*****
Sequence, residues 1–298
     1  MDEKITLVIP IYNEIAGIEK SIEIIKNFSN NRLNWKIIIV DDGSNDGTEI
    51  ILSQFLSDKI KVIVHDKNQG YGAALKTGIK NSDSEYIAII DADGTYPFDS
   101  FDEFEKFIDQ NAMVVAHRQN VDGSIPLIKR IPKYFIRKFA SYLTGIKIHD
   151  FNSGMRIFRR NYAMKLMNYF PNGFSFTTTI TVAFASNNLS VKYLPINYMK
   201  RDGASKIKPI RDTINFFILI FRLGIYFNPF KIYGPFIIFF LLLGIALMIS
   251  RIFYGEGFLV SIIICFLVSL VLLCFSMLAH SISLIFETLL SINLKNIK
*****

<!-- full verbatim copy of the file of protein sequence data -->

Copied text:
Sequence, residues 1–298
     1  MDEKITLVIP IYNEIAGIEK SIEIIKNFSN NRLNWKIIIV DDGSNDGTEI
    51  ILSQFLSDKI KVIVHDKNQG YGAALKTGIK NSDSEYIAII DADGTYPFDS
   101  FDEFEKFIDQ NAMVVAHRQN VDGSIPLIKR IPKYFIRKFA SYLTGIKIHD
   151  FNSGMRIFRR NYAMKLMNYF PNGFSFTTTI TVAFASNNLS VKYLPINYMK
   201  RDGASKIKPI RDTINFFILI FRLGIYFNPF KIYGPFIIFF LLLGIALMIS
   251  RIFYGEGFLV SIIICFLVSL VLLCFSMLAH SISLIFETLL SINLKNIK